Householding Accounts – Avoiding a Prohibited Transaction

Householding of brokerage accounts is a common practice. Clients like it because they can get reduced fees by aggregating all of their accounts. Broker-dealers like it because they get more assets to manage. But when retirement accounts are involved, broker-dealers need to be mindful of special rules that can adversely affect their clients…because unhappy clients don’t tend to remain clients for long.

The problem occurs under the prohibited transaction rules of ERISA and the Internal Revenue Code. They say that a fiduciary (i.e., the person in control of the account – the investor) can’t use retirement assets to obtain a personal benefit. With householding, the client gets a personal benefit when the combined value of both his or her retirement and personal accounts hits a breakpoint that reduces the fee on the personal accounts. In other words, the investor gets a personal benefit from the use of retirement assets.

The good news is that the Department of Labor (DOL) issued a prohibited transaction exemption (PTE) 20 years ago that permits the aggregation of retirement and personal accounts to achieve a discount for brokerage services. (Note that this exemption doesn’t apply to RIA services, and householding in that case remains prohibited.)

PTE 97-11 allows the value of certain retirement accounts and personal accounts to be combined in order to provide brokerage services at a reduced fee. The PTE applies to IRAs and Keogh plans (i.e., plans that cover only self-employed individuals and their spouses). IRAs are broadly defined under the PTE. They include traditional IRAs, Roth IRAs, SEP IRAs and SIMPLE IRAs, so long as the investor has the “unrestricted authority to transfer” the SEP or SIMPLE IRA to another financial institution. The one type of account that is excluded from this list is a participant’s account in an ERISA plan (such as a participant’s 401(k) account).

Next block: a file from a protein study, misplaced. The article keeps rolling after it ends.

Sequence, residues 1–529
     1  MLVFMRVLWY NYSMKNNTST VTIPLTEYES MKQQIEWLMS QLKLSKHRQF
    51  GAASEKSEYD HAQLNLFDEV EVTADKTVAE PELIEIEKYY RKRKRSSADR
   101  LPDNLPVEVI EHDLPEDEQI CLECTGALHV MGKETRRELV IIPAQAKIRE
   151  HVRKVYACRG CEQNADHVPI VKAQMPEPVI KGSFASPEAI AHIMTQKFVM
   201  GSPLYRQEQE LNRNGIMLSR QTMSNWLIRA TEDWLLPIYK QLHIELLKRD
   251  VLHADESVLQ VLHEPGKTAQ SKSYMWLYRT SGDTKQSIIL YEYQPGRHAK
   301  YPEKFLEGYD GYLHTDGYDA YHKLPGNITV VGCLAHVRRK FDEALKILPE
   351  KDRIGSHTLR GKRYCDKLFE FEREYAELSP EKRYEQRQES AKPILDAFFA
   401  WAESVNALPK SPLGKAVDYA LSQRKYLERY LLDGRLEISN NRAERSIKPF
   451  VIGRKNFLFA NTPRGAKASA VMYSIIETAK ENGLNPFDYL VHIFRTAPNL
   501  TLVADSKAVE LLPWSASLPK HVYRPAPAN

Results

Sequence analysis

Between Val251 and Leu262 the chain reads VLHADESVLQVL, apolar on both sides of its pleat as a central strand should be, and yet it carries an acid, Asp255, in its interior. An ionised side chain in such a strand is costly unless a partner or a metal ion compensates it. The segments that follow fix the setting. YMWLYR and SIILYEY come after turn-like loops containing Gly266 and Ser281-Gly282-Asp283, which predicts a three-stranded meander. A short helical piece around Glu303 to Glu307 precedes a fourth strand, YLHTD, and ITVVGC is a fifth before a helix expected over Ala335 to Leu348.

PTE 97-11 has several conditions. One is that the services offered to the IRA or Keogh plan must be the same as those offered to other customers with account values of the same amount or the same amount of fees generated. Also, the combined total of all fees for the provision of services to the IRA or Keogh plan can’t exceed reasonable compensation. (There are a few other conditions, so anyone seeking to rely on the PTE will need to get further advice.)

If the exemption is not available – for example, if the client’s retirement money is in a plan or the account is an advisory account – there is still a solution. And that is to avoid the prohibited transaction by applying the entire discount resulting from householding to the retirement accounts with no fee discount to the personal accounts.

The material contained in this communication is informational, general in nature and does not constitute legal advice. The material contained in this communication should not be relied upon or used without consulting a lawyer to consider your specific circumstances. This communication was published on the date specified and may not include any changes in the topics, laws, rules or regulations covered. Receipt of this communication does not establish an attorney-client relationship. In some jurisdictions, this communication may be considered attorney advertising.

About the Author: Joan M. Neri

Joan Neri represents plan service providers – including broker-dealers and registered investment advisers – and employer plan sponsors and counsels them on fulfilling their obligations under ERISA and complying with the Internal Revenue Code rules governing retirement plans and accounts. Joan advises on ERISA fiduciary status and responsibilities, avoidance of prohibited transactions, the considerations associated with structuring, developing and offering investment products and services to ERISA plans and day-to-day plan operational compliance issues.

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